Figure 3

A sample image with crowd's nuclei selections. Light blue "N" are negative nuclei according to the crowd, yellow "P" are positive.

Table 1 shows the comparison of gold positivity percentages vs. crowdsourced median percentages, which are also plotted in Figure 4. Spearman correlation is 0.946 (p < 0.001); however, the sample is small and thus this high value should be taken with caution.
Table 1

positivity in each image.

Image

Gold standard

Crowdsourced

1

65.83%

69.62%

2

73.43%

69.10%

3

47.06%

41.26%

4

18.33%

23.14%

5

75.00%

68.83%

6

67.11%

61.90%

7

7.88%

12.63%

8

6.78%

8.25%

9

7.48%

10.71%

10

8.33%

10.05%

11

2.78%

2.88%

12

46.34%

42.66%

13

57.97%

45.23%

Figure 4

Relationship between gold standard (X) and crowdsourced evaluations (Y).

Contributors rarely tried to end the task before reaching the minimum number of cells, and also rarely changed mind after having selected a nucleus.

Conclusions

Aim of the experiment was to understand how to use crowdsourcing for an image analysis task that is currently time-consuming when done by human experts, and somewhat difficult, although feasible, if done by software. Crowdsourced work can be used in various ways, in particular relying on the crowd to reduce identification errors (e.g., by considering the most selected cells, or the cells selected above a threshold, etc). However, in this preliminary experimentation we just considered the most basic indicator, that is the median positivity percentage, which provided overall good results. There is however a trend to overestimate negative nuclei (about 3% according to linear regression), which was somewhat expected because of the presence of stromal cells and lymphocytes that must not to be counted. Further work will be carried out to investigate the details of this overestimation, although other reports exist regarding the same issue when comparing manual vs. automated evaluation [8], since recognising cells that should not be counted is an issue for both an untrained human and a software. Anyway, if adopting the positivity cutoff at 15% as defined in [9], no false positives or false negatives have been identified in our small sample.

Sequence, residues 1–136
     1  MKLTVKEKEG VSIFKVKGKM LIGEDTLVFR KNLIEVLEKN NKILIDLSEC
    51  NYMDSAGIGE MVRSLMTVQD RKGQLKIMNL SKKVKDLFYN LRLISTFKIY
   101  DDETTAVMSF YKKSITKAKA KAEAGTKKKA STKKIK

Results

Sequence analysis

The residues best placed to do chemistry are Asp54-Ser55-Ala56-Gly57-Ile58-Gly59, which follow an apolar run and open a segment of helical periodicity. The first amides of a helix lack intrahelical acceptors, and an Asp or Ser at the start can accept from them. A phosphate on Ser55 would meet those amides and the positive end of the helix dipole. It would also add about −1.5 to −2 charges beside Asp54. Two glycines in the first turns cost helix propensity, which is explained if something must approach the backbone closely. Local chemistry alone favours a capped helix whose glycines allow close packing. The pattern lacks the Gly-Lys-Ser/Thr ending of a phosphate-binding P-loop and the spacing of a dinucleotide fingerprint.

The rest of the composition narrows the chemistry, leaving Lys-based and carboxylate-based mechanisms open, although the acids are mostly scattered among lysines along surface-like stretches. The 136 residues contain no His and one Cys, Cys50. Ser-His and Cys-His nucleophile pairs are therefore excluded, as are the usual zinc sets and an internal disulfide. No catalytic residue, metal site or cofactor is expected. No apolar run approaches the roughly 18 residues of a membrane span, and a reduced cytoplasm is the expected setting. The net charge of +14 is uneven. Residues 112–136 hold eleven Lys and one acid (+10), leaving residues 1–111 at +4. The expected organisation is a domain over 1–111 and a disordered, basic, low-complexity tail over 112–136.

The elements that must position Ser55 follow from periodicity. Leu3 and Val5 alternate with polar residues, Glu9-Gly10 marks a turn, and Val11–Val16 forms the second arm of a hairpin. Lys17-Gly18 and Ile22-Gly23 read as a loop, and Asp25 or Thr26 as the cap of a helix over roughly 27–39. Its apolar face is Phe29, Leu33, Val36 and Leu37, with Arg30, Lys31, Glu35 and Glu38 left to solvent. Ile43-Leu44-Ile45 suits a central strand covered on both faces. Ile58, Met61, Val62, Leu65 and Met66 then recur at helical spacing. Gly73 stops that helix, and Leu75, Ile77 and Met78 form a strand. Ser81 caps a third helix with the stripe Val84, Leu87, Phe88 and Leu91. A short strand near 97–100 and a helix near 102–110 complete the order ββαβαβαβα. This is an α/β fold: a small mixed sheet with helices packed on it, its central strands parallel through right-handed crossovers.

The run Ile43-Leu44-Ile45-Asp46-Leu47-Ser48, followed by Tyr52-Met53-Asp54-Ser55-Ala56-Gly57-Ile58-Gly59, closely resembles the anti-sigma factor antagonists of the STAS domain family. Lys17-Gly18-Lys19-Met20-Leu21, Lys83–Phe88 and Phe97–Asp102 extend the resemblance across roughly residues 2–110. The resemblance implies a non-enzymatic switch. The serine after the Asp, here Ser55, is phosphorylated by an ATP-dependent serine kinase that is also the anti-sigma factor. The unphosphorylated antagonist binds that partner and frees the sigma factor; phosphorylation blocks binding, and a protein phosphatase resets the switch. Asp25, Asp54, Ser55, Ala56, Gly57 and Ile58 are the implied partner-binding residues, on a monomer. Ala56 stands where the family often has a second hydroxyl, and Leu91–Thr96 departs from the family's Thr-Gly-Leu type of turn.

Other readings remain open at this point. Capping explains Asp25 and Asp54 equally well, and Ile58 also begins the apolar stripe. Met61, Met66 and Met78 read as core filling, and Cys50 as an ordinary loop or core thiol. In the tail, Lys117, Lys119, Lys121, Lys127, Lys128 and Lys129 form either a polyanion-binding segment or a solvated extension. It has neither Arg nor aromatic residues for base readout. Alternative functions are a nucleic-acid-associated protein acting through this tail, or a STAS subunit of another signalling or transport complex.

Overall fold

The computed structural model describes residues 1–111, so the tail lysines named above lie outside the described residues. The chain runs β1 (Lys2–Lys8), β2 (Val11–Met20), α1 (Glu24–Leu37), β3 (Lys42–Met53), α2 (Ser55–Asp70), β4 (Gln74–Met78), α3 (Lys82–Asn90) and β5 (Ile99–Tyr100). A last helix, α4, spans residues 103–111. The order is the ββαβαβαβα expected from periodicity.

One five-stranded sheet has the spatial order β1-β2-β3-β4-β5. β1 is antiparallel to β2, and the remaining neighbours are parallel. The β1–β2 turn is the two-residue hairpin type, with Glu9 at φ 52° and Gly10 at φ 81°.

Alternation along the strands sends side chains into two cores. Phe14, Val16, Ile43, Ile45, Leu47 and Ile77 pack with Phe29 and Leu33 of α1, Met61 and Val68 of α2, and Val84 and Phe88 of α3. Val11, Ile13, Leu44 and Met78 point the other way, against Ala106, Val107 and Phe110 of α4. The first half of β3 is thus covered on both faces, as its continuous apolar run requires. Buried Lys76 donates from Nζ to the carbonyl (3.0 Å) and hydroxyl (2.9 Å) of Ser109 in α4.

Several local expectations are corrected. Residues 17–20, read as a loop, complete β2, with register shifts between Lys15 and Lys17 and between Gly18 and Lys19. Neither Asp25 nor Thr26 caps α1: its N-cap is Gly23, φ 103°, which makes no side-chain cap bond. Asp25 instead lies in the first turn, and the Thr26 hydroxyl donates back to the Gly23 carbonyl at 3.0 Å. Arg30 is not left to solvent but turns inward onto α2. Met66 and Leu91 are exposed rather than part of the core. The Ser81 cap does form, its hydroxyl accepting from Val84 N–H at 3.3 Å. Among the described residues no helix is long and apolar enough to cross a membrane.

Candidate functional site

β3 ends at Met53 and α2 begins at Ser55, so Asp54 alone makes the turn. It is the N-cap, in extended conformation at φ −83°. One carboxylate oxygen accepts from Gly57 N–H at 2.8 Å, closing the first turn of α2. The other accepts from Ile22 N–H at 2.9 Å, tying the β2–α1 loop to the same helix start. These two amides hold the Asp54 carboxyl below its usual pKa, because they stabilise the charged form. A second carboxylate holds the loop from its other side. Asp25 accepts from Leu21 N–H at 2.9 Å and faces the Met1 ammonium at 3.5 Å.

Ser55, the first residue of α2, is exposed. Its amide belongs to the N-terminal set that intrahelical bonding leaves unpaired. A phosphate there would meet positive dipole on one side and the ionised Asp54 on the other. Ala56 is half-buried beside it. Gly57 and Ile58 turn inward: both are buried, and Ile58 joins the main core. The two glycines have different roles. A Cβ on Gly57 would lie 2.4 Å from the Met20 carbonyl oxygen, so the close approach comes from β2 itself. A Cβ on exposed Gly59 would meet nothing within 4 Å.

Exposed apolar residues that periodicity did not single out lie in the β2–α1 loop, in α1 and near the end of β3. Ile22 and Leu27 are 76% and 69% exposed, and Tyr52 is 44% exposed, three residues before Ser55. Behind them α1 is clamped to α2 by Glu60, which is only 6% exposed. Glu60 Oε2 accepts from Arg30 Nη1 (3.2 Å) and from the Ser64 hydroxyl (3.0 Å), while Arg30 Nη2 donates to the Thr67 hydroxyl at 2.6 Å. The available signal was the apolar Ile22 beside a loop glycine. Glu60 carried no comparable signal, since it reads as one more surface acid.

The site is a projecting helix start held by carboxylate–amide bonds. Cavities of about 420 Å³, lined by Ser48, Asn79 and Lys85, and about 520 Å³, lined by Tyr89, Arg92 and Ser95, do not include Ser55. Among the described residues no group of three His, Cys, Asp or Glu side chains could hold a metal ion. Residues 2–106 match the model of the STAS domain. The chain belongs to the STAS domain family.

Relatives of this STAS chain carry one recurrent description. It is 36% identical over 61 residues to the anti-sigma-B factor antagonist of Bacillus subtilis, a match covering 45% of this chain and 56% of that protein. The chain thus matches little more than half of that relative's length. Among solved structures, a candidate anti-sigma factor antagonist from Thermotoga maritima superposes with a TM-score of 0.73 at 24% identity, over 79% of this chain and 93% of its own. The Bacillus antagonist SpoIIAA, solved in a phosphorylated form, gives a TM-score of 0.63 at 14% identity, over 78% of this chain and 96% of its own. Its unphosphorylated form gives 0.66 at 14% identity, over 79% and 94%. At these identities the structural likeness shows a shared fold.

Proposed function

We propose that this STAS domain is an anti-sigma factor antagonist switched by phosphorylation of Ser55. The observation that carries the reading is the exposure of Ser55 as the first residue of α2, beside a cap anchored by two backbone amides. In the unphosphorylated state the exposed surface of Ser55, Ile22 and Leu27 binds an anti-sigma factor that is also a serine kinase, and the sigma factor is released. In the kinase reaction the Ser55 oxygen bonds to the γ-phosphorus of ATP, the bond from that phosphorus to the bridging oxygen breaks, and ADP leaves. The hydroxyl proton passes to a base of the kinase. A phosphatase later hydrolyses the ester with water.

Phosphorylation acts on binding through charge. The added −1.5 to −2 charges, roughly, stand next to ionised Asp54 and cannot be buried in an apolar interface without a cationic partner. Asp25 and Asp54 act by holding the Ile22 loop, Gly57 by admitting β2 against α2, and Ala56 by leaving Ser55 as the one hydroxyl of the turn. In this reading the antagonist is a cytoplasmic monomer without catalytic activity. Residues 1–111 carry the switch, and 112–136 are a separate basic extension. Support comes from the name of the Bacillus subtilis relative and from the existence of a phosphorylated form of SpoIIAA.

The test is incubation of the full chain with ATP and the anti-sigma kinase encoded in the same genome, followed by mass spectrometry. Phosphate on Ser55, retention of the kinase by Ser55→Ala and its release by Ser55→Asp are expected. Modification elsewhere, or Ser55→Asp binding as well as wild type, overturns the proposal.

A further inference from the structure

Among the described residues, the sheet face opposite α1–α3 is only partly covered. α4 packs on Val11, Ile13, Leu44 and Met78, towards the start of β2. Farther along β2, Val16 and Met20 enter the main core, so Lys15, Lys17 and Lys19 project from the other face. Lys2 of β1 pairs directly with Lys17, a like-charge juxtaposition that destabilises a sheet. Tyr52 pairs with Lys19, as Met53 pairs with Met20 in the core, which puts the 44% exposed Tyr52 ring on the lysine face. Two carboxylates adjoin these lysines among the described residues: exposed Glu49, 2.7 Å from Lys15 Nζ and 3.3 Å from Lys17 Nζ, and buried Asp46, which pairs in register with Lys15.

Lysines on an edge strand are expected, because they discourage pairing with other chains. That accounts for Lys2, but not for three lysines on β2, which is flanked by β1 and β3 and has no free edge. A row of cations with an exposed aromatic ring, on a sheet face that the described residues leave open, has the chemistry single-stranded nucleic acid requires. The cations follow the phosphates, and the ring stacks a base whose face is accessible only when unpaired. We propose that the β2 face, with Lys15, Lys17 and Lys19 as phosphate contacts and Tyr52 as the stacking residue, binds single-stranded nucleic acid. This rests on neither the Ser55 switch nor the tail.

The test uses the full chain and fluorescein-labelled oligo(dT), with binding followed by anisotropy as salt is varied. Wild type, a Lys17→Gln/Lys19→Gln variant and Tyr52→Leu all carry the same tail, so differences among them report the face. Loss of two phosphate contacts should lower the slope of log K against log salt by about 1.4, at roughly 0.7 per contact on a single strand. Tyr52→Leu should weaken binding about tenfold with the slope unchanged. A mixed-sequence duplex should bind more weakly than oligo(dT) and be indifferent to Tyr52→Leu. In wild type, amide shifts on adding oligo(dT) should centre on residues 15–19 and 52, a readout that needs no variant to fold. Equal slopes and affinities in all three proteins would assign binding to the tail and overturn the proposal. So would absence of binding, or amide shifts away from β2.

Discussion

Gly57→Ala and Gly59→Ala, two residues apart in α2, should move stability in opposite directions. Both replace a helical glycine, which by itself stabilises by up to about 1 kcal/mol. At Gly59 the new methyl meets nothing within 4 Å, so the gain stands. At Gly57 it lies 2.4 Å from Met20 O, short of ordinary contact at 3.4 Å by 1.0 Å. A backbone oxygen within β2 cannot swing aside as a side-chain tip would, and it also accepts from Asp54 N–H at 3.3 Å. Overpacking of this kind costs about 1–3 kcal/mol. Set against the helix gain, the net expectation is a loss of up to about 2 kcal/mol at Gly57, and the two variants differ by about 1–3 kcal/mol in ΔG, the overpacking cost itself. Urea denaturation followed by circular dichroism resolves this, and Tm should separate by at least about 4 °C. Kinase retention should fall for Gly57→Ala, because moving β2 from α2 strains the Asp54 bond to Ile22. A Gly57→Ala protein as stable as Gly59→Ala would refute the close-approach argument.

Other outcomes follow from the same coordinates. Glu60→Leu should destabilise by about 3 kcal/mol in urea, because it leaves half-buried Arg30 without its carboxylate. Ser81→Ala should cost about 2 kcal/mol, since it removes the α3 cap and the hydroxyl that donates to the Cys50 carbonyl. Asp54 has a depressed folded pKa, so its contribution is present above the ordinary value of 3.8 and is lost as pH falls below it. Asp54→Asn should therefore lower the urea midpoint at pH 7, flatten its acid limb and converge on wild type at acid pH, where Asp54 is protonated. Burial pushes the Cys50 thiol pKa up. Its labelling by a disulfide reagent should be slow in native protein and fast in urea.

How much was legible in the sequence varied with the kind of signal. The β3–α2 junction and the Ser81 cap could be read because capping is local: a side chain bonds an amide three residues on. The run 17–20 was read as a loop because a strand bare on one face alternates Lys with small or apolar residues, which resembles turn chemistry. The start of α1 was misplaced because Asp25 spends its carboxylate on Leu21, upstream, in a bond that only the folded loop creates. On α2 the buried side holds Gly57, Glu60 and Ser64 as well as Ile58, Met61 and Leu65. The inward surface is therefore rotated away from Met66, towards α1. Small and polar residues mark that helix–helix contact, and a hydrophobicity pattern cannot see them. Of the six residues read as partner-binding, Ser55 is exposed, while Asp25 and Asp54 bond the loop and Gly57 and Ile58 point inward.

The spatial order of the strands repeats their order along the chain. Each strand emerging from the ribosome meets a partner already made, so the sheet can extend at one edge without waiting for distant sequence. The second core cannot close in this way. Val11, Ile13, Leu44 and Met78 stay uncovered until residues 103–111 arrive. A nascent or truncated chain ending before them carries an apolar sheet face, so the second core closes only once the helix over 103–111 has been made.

While we did not have access to full information on the crowd, in the report provided by the platform we found that people participating in the experiment came from 18 different countries. Unfortunately, no information is released about education of the workers. Although not sufficiently detailed, this data allows at least to suppose they were heterogeneous in knowledge, and this goes towards one of the principles behind the so-called "wisdom of the crowd", i.e., heterogeneity [7].

Since the task of quantifying immunohistochemistry is time-consuming and prone to errors, with constrasting reports when compared to automated image analysis [8, 10, 11], the presented approach tries to propose an unorthodox way to quantification: instead of relying on expert and expensive personnel like pathologists, evaluation could be made by a less expensive, untrained crowd working on digital images and statistically aggregated.

One point of discussion is the fact of using anonymous workers of unknown qualification on a medical task that can be quite sensible.We adopt a pragmatic attitude towards this issue: we set up to understand if and how crowdsourcing can be used to work as effectively as experts. Or perhaps even more effectively, as it has been shown in other domains [12]. If the results will prove that the approach is feasible, the discussion on the opportunity of such an approach will follow, and will be based on solid data.

However, the proposal might be more aimed to research than routine: when a large number of images are in need of ad-hoc evaluation, providing that they do not involve too specific knowledge, crowdsourcing may represent a quick answer to the need.

Notes

Declarations

Acknowledgements

The work is partly funded by the Marie Curie AIDPATH "Academia - Industry Collaboration for Digital Pathology" (Marie Curie FP7-PEOPLE-2013-IAPP).